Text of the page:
So Many Choices

It’s so easy to get tangled up in choices when I design a piece. Since my starting point is usually rough, at best, many shape and color decisions still need to be made. And it’s easy to slip into not seeing the forest for the trees territory.

I finished quilting my four scrappy medallion log cabins so I rewarded myself with a new start, based on a Spoonflower printed photo of a dry stone wall that encloses a local landmark.

Here’s the printed fabric of two rows of walls and trees.

I pulled possible additional fabrics and painted pieces of an old shirt and sheet. Then I pinned them up.

The large piece of commercial fabric is by Marcia Derse.

After I looked at them for about two months I thought of an approach to that wall fabric – make several narrowly separated stacks. I used most of the fabric in the above photo. The Marcia Derse and some teal curtain fabric were dropped. I created bias strips of yellow/red/orange to break up the dark area. At this point the piece measures about 45 inches long by 19 inches high.

Now comes the point I’m stuck at. I want to use narrow strips of a gradient fabric by Vicki Welsh between each stack. Right now my plan is to angle the edges of each stack, and possibly have the stacks at slightly different heights. But, before I cut more fabric I need to decide which way to run the gradient – top to bottom or left to right. Then, I need to decide if I want solid strips across the top and bottom and, if so, what colors.

I’m hoping you’ll have some opinions that will prod my thinking. Some possibilities work for color, but don’t necessarily contribute to the story. The story here is the impression you get of this wall as you drive by it on the street that runs parallel to it.

I’ve thought of blue for sky but the blue fabric I have is too strong and draws attention away from the trees. Below are some options I’ve pinned up. Most show only a few of the stacks as the insert fabric won’t stretch across the whole piece and I don’t want to cut it up and then change my mind.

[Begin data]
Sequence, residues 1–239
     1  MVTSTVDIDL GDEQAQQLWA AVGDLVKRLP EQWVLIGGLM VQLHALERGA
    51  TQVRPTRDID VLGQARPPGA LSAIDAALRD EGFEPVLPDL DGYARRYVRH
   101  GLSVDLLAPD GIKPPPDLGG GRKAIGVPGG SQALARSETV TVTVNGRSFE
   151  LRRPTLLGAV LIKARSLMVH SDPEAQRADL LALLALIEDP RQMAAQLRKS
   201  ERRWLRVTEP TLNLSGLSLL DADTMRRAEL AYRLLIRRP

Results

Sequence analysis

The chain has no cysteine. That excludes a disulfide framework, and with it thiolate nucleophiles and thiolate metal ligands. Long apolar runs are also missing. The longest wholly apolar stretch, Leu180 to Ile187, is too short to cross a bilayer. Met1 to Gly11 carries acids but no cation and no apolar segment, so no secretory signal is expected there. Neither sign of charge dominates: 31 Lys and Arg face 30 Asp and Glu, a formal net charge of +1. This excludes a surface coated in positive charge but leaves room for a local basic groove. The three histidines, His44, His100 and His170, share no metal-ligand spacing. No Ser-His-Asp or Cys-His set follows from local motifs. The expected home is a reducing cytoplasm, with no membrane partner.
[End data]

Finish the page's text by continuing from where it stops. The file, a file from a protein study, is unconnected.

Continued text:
Option 1: Gradient runs left to right, no top or bottom strip
Option 2: Gradient runs top to bottom, with orange fabric on bottom and gold on top
Option 3: Gradient runs left to right, dark orange on bottom, light orange on top
Option 4: Gradient runs left to right, gold fabric on top, orange fabric on bottom.
Option 5: Gradient runs top to bottom, mottled fabric on top, dark orange on bottom.

I can understood if you’re confused at this point. If nothing else let me know which options you think really don’t work. I’ve become like a toddler – just give me two options for my outfit. Otherwise I’ll dither forever.

One last point about this piece – the printed fabric photographs much less vividly than the other fabrics. IRL the colors are stronger. Maybe the type of printing process used caused this?

25 Comments

Filed under Art quilts, In Process

25 responses to “So Many Choices

  1. Laceflower

    My vote is option #2 top to bottom yellow on top, orange on the bottom.

  2. Donna

    How about one. I like option #1 and none of the others. I understand the desire to make the piece taller, but adding orange or yellow seem to distract from the trees which make the piece. I like blue and orange. Thin blue line? Less bright, more grayed? I see gray in the bricks. Sorry. This probably isn’t helping. I have that Marcia Derse fabric too. If you ever figure out what to do with it, please share.